On longer projects, debrief regularly#section7
You can’t make adjustments if you don’t learn from your mistakes. Simply taking notes about difficult situations can spark new solutions or reveal hidden problems. Many design teams hold a post-mortem project meeting to analyze how the work process unfolded. However, in a virtual space, you may need to adapt to changing situations mid-project.
Negative is a four-letter word#section8
The morale of a virtual team can play a huge role in the success or failure of a project. As virtual work provides flexibility and freedom, it can also be isolating and even somewhat depressing, especially if you enjoy interacting with others regularly. This is another reason why conflict in the virtual space can be difficult to manage. If a team member already feels isolated or hasn’t really adjusted to the realities of the virtual work experience, this can spill over into the project.
In virtual space, there are also fewer ways to vent frustrations. So, once a project goes bad, it can be a lot easier to dwell on negative emotions. The benefits of keeping communication positive—encouraging people, celebrating milestones, and just saying “thank you”—can make a huge difference over the course of a project.
Above all, as the project manager, it’s vital to regularly evaluate the stress level of your team members. In virtual space, it’s too easy for hard-driving types to work all the time, never taking much needed breaks. Since there is no official office space to help dictate the time boundaries of work, that choice remains in the hands of the individual. So if you rely heavily on a developer who doesn’t know when to stop coding, encourage him to take a day off. Mitigating stress and anticipating burnout on your team is crucial to surviving a project.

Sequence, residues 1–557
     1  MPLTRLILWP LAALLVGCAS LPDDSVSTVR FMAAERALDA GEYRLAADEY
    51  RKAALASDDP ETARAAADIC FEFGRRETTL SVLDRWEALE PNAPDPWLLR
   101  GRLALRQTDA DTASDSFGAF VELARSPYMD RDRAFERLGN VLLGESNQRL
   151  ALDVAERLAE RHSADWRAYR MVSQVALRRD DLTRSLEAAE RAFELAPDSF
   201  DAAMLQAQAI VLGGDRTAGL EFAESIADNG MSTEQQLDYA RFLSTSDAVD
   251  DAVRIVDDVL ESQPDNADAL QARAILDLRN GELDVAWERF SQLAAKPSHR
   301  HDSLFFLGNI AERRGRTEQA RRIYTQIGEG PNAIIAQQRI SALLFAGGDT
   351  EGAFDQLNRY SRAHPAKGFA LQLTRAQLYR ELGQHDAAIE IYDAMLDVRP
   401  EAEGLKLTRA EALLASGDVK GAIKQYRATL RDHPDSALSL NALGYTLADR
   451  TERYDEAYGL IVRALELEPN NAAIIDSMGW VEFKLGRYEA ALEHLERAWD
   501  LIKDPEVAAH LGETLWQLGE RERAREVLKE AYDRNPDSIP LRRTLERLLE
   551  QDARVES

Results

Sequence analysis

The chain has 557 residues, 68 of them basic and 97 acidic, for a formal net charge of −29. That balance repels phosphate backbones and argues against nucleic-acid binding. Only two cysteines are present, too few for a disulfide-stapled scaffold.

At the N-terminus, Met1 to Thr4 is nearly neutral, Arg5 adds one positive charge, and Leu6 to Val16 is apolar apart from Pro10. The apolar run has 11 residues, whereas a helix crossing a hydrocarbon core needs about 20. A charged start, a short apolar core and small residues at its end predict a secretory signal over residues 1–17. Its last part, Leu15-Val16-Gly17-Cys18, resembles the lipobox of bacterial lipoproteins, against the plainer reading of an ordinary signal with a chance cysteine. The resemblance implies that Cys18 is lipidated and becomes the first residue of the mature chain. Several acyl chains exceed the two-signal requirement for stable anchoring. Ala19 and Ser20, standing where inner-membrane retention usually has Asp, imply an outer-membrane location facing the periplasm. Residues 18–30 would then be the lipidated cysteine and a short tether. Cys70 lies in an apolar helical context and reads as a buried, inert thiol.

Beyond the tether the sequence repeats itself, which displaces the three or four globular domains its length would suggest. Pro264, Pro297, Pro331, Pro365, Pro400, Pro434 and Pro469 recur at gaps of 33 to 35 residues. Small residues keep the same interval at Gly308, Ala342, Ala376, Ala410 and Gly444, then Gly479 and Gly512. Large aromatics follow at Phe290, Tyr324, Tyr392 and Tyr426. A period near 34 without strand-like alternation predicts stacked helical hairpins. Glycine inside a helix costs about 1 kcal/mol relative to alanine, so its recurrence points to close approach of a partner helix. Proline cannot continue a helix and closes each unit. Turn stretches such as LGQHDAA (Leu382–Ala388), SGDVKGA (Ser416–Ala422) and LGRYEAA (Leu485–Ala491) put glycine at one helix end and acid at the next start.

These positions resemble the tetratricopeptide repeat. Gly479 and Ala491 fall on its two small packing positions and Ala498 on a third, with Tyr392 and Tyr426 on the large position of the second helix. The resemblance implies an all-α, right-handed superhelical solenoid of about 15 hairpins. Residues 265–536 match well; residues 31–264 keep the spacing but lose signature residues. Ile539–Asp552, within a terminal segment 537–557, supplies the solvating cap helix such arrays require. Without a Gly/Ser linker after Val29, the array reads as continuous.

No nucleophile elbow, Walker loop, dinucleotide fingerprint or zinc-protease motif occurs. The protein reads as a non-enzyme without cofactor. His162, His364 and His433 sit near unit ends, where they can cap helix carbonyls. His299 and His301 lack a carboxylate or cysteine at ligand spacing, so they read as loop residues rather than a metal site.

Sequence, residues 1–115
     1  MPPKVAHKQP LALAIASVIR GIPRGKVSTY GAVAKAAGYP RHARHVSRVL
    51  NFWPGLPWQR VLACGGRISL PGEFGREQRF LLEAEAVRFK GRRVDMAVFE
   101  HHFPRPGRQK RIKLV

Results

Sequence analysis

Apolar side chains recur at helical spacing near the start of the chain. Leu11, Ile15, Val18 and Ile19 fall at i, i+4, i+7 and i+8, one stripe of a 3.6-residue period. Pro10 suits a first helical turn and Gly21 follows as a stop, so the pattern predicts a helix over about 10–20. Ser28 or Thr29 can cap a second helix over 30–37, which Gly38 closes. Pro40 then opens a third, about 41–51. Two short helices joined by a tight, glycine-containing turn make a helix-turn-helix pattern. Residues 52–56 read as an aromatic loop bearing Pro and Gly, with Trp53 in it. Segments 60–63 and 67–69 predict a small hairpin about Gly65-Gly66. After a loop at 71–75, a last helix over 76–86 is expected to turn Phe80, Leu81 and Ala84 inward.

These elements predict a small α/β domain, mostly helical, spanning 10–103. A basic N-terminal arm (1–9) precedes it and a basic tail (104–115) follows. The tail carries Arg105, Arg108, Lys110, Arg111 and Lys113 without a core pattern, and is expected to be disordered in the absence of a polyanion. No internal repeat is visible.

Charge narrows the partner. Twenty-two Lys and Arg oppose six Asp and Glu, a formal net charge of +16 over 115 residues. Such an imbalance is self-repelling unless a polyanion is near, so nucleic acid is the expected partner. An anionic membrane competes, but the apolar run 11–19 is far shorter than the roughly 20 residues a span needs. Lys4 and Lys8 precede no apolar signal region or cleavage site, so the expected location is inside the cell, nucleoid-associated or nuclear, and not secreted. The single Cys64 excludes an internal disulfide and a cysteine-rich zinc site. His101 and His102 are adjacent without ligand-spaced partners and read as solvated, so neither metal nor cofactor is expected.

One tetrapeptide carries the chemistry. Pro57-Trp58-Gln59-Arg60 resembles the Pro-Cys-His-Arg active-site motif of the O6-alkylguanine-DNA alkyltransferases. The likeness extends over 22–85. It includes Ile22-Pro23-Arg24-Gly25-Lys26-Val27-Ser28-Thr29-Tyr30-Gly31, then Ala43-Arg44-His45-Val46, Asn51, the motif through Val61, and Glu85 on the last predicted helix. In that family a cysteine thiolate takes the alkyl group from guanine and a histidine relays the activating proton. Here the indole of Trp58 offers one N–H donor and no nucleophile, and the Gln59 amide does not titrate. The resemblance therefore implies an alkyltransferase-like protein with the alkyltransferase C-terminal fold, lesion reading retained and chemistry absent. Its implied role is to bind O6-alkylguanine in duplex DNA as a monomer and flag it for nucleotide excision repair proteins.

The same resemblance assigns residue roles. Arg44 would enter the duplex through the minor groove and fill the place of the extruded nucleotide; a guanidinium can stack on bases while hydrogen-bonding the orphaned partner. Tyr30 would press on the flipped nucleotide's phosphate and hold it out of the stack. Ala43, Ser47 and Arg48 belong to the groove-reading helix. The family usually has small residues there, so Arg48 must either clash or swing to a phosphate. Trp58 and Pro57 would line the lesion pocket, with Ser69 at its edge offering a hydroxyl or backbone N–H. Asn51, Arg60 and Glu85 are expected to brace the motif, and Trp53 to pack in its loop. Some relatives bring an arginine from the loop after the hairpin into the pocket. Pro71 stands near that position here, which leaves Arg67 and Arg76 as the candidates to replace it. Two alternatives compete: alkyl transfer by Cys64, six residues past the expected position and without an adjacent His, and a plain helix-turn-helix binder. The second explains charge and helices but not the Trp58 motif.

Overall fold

Stay in touch#section10
And, of course, everyone should stay in contact on a regular basis—weekends (hopefully) excluded. Never let anyone on the team disappear or lose touch for longer than a day. A project can quickly unravel unless team members touch base with some frequency.
Self-defense for the web worker#section11
Ultimately, on web projects, no matter how much you anticipate, you’ll end up having tough conversations and tense moments. Some creative debate can mean that team members are fully engaged and passionate about a job. However, if conflicts are ongoing and never resolved, the tension can sap enthusiasm for a project and make meeting deadlines difficult. Not agreeing with how the project is proceeding is OK. Not being able to live with it is not.
Sometimes no reaction is the best reaction#section12
It can be hard to separate critical words from the messenger, or to set those words aside once they’ve been said, especially if they’re related to your work or contributions. But, this is part of the challenge of keeping a virtual project on track. Both clients and team members will want to blow off steam, and they’ll need to bend your ear. Simply saying “I hear you” or “I understand” can work wonders, even if that’s all you offer, in the end, to solve the problem.
Direct confrontation with a team member or client, especially on the phone or over e-mail, can lead to a horrible conclusion. It may feel strange to dodge a direct inquiry, but sometimes it’s necessary. “Let me get back to you on that” is perhaps the greatest piece of verbal self-defense. Just as in martial arts, if you’re not there when a punch lands, you can’t be hurt by it. Deliberately inserting a pause into a tense conversation gives people the opportunity to cool off. And—while it might seem trite—sleeping on a problem can reveal possible solutions.
Flexibility and adaptability are the keys to the virtual work process and managing our digital engagements. Considering the project from perspectives other than your own and realizing that the whole is greater than the sum of its parts goes a long way toward achieving harmony in cyberspace. But in the end, virtual work and the methods you’ve developed to manage it are still new and without precedent. We are all still hard-wired for a world in which we work face-to-face with people, and the virtual workspace is still in its experimental stages. We must not forget this as we shape our communication strategies.